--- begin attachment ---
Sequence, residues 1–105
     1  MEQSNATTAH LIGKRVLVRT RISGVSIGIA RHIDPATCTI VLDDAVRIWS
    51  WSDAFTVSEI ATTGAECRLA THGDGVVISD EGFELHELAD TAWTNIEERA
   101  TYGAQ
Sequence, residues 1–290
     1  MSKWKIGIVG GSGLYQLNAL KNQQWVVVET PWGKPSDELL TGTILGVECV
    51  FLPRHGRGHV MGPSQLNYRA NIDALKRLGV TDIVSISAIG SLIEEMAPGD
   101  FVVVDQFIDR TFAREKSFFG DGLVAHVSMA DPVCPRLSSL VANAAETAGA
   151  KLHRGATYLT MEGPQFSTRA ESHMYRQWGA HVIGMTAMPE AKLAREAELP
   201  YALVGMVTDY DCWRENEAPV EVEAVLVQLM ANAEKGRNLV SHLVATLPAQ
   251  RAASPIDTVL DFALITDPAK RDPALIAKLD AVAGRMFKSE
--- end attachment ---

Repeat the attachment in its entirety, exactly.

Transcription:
Sequence, residues 1–105
     1  MEQSNATTAH LIGKRVLVRT RISGVSIGIA RHIDPATCTI VLDDAVRIWS
    51  WSDAFTVSEI ATTGAECRLA THGDGVVISD EGFELHELAD TAWTNIEERA
   101  TYGAQ
Sequence, residues 1–290
     1  MSKWKIGIVG GSGLYQLNAL KNQQWVVVET PWGKPSDELL TGTILGVECV
    51  FLPRHGRGHV MGPSQLNYRA NIDALKRLGV TDIVSISAIG SLIEEMAPGD
   101  FVVVDQFIDR TFAREKSFFG DGLVAHVSMA DPVCPRLSSL VANAAETAGA
   151  KLHRGATYLT MEGPQFSTRA ESHMYRQWGA HVIGMTAMPE AKLAREAELP
   201  YALVGMVTDY DCWRENEAPV EVEAVLVQLM ANAEKGRNLV SHLVATLPAQ
   251  RAASPIDTVL DFALITDPAK RDPALIAKLD AVAGRMFKSE